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The total score for satisfaction ranged from 38 to 79, with a mean score 61.256 (±2 standard deviation; 8.293). All the variables were subjected to MLR, and it was found that only education, number of service providers at the visited points, time taken from laboratory or OPD to pharmacy for taking drugs, and time spent in lab emerged as the significant predictors of satisfaction (dependent variable). Education had a higher impact on satisfaction level as compared to the number of service providers at the visited points, by comparing standardized coefficient (beta) (−0.396 for education and − 0.360 for number of service providers). The time taken from lab or OPD to pharmacy for taking drugs and time spent in lab were next in line which had impact on satisfaction. (0.273 and 0.247, respectively) [Table 3]. R2 for the above model was 37.5%.
Table 3: Linear regression analysis identifying the predictors of satisfaction among study subjects

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  Discussion Top


The overall satisfaction score in the current study has increased from reported satisfaction prevalence 2 years back in the same institute. Long queues and waiting were quoted in this study as one of the factors for dissatisfaction among around one-fourth of the unsatisfied participants.[9] In continuation of previous study, the current study was focused on studying the role of waiting time in patient satisfaction. Another similar study from a private tertiary hospital reported 32.7% were unsatisfied due to time-consuming processes in the hospital.[11]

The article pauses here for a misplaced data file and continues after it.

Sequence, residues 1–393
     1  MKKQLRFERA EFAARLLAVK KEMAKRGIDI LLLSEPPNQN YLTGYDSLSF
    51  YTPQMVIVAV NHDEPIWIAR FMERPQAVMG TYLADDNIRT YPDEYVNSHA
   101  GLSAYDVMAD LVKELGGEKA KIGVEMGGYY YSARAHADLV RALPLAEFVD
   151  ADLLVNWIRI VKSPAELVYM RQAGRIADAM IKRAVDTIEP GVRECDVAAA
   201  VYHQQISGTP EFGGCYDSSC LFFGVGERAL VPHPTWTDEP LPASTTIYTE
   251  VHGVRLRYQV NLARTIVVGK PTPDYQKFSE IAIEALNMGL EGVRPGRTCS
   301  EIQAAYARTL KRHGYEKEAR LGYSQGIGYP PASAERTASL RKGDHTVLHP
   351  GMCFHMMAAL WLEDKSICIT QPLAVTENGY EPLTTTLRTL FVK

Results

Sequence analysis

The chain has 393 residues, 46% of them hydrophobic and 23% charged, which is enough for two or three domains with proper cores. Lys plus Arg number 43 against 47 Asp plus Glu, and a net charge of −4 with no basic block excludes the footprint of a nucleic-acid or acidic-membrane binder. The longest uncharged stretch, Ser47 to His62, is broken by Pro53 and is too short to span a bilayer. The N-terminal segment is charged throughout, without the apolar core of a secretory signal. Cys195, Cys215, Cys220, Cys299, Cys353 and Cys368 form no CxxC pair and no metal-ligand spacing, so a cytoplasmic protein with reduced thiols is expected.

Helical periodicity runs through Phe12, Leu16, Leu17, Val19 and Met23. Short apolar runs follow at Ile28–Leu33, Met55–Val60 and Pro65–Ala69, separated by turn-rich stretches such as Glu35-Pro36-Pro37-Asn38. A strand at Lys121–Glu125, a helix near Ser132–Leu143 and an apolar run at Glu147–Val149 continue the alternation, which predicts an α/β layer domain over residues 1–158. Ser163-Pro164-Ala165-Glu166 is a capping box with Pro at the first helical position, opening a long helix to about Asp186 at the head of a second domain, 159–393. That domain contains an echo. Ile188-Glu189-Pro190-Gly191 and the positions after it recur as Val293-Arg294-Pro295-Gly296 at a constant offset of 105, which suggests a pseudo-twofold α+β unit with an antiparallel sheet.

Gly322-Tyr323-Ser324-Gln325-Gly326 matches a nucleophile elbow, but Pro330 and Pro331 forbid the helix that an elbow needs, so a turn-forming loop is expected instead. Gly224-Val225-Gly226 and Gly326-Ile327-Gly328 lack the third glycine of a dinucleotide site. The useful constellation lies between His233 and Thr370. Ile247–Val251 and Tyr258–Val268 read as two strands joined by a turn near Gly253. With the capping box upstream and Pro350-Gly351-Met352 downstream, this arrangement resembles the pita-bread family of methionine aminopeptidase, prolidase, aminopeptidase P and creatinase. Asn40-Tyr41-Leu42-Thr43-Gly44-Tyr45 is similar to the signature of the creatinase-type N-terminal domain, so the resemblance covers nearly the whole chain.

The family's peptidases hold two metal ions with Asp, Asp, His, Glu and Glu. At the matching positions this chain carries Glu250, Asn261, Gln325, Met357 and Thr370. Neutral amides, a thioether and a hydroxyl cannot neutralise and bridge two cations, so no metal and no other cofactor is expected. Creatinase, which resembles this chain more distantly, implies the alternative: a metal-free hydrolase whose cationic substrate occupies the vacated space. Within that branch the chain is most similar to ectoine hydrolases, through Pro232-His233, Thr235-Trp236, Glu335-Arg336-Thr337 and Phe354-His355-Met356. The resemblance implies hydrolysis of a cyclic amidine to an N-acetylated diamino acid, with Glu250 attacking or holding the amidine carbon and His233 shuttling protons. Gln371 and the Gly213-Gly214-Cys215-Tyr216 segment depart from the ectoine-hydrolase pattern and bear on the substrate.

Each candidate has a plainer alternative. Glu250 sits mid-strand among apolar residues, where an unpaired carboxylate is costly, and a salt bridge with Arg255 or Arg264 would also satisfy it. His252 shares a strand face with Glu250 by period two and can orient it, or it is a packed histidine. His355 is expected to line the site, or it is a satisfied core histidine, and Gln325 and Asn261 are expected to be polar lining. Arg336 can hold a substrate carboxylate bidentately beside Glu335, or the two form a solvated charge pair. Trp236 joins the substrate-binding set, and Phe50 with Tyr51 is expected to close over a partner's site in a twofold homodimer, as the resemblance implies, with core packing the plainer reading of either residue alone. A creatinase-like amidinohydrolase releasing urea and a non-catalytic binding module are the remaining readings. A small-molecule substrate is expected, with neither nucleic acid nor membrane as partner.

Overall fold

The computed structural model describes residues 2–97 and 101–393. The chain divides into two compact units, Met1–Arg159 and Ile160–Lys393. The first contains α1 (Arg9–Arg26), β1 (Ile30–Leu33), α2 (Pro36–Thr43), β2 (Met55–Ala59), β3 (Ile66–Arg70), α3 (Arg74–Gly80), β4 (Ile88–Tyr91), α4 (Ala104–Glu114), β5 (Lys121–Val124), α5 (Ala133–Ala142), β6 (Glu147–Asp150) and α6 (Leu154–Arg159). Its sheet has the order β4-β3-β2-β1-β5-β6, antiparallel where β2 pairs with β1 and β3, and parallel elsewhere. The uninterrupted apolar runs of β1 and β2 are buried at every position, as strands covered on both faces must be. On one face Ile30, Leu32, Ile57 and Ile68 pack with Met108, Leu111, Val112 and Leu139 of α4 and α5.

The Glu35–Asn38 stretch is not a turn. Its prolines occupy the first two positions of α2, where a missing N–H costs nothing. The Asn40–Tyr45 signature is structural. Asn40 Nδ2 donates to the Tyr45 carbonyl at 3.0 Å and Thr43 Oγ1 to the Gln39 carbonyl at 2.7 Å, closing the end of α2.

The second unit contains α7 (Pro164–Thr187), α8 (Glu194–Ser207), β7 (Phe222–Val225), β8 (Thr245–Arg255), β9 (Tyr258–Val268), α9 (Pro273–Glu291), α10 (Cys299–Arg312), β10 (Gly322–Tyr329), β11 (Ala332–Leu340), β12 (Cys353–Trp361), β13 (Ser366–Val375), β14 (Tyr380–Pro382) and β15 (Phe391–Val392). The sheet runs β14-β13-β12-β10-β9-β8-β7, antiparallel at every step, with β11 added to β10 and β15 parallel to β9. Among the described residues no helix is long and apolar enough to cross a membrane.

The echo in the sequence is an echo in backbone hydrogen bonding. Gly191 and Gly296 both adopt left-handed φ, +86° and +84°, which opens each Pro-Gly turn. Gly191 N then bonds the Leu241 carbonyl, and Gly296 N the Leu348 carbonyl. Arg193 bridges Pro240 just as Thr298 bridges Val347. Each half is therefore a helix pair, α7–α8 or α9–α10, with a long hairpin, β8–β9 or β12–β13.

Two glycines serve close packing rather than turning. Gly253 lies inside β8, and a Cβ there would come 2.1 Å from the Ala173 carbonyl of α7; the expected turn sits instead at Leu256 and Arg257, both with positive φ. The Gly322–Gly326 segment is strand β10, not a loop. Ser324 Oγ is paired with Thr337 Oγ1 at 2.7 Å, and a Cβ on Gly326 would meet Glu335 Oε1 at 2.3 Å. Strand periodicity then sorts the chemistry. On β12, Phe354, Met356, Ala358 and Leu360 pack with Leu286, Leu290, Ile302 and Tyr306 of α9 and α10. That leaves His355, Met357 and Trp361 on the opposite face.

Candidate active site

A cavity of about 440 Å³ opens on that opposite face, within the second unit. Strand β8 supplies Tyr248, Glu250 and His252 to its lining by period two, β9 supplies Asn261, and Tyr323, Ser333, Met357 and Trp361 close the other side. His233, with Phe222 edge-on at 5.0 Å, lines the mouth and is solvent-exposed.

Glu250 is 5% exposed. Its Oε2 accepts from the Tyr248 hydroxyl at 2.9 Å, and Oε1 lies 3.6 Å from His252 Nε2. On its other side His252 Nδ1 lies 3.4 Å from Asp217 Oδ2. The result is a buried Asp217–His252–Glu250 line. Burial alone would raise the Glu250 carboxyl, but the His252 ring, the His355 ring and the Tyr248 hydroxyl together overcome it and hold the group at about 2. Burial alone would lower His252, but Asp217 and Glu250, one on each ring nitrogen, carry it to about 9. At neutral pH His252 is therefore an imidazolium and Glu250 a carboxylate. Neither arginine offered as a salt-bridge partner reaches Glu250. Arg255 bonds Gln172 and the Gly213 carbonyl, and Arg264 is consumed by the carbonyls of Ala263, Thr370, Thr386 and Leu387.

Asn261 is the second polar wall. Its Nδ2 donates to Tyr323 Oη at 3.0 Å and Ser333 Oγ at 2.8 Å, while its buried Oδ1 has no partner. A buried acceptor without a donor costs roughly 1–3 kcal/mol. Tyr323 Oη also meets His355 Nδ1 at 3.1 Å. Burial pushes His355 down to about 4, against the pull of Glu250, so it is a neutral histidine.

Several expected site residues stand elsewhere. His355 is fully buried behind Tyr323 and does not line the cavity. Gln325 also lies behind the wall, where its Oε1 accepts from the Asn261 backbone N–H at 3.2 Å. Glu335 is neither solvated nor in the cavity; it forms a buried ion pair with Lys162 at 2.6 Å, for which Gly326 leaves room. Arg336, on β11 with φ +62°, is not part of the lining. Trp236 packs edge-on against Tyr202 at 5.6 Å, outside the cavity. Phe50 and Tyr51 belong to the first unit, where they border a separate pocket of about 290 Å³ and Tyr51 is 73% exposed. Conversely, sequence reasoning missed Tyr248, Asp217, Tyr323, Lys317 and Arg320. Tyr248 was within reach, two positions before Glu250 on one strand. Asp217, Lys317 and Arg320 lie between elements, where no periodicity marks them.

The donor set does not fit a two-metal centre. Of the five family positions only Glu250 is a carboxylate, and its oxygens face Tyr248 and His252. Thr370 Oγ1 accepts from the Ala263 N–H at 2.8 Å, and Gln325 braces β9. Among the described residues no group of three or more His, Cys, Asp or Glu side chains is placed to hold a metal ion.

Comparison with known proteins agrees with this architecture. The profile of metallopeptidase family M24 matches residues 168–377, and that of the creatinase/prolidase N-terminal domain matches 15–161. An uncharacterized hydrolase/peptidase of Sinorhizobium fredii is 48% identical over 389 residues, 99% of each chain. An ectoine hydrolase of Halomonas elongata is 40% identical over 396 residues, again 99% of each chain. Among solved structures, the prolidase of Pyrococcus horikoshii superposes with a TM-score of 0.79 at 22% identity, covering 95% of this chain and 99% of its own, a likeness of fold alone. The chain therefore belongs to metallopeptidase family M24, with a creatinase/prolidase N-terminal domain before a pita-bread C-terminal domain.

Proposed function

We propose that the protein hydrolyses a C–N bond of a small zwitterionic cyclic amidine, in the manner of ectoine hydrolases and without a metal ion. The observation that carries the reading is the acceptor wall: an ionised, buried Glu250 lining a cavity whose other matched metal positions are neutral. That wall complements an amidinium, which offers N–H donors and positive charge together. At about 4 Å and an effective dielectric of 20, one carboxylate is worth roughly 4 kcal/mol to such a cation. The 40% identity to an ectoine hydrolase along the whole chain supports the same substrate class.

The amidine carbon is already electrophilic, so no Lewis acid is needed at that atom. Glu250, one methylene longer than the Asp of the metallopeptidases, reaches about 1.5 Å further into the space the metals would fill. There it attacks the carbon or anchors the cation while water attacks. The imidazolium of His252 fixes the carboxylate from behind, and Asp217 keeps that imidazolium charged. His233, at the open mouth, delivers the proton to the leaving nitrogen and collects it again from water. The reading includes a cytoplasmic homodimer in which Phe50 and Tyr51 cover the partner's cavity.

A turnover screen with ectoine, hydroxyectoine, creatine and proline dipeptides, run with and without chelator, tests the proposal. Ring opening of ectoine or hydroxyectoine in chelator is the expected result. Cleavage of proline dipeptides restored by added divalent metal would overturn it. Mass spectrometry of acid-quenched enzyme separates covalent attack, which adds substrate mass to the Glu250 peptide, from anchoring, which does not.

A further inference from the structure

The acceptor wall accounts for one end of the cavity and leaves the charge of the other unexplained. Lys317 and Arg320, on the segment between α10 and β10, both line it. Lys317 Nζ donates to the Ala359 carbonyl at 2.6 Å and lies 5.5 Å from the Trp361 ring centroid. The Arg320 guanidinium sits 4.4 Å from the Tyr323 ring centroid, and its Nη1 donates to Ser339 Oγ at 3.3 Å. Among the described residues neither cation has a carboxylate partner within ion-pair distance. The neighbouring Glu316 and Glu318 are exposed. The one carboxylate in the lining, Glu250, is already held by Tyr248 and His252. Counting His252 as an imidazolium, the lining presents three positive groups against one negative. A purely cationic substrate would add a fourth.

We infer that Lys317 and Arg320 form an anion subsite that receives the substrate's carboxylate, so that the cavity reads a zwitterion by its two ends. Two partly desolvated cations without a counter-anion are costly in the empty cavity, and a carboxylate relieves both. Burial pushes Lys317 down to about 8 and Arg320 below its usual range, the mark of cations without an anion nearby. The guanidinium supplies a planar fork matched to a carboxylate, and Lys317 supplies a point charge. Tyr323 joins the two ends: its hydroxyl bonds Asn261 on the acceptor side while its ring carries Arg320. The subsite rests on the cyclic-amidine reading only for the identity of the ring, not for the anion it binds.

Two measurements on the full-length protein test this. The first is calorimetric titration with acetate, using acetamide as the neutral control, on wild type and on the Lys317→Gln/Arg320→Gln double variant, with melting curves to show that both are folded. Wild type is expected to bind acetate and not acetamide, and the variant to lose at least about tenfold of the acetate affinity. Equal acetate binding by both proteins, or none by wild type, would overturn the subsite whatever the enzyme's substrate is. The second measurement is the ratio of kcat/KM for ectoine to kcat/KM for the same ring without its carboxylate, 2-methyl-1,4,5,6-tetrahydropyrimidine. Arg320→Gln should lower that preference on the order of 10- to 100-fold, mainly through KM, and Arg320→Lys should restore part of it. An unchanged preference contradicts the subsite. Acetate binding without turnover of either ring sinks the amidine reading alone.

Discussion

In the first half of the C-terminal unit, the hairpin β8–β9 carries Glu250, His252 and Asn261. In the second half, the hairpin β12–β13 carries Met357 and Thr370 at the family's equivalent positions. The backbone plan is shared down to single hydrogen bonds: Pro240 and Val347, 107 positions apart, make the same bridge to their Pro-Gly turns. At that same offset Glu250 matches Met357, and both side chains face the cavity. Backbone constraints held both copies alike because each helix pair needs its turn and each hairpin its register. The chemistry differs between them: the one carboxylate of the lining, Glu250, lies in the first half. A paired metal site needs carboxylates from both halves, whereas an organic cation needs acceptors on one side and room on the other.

Waiting time and satisfaction

Our findings regarding the relationship between self-reported waiting time and satisfaction showed that those who waited long to visit the doctor were less satisfied. Although a very peculiar finding of positive relation between wait times spent from OPD to next service (lab/pharmacy) and satisfaction was observed. The median wait time or time spent from registration till visiting the doctor was much higher (50 min) as compared to the median actual time spent with the doctor (5 min). Taking other factors in account, these two variables had an inverse nonsignificant relation to satisfaction. Xie and Or, in their study at Hong Kong Hospital, also reported similar findings that patients who spent more time with health-care professionals tended to be less satisfied.[12] Average consultation length is also a quality indicator used by the WHO and the International Network for the Rational Use of Drugs to promote the safe and cost-effective use of drugs worldwide.[13] However, a Cochrane systematic review of clinical trials reported that there is insufficient evidence to say whether increasing consultation length provides patient benefit.[14] Irving et al., in their systematic review of 67 countries on consultation time reported that mean consultation time from four studies of India ranged from 1.5 to 2.3 min. The review also discussed that an average of 5 min may be kept as a limit of consultation; below this, the consultation amounts only to the issues of prescription.[13]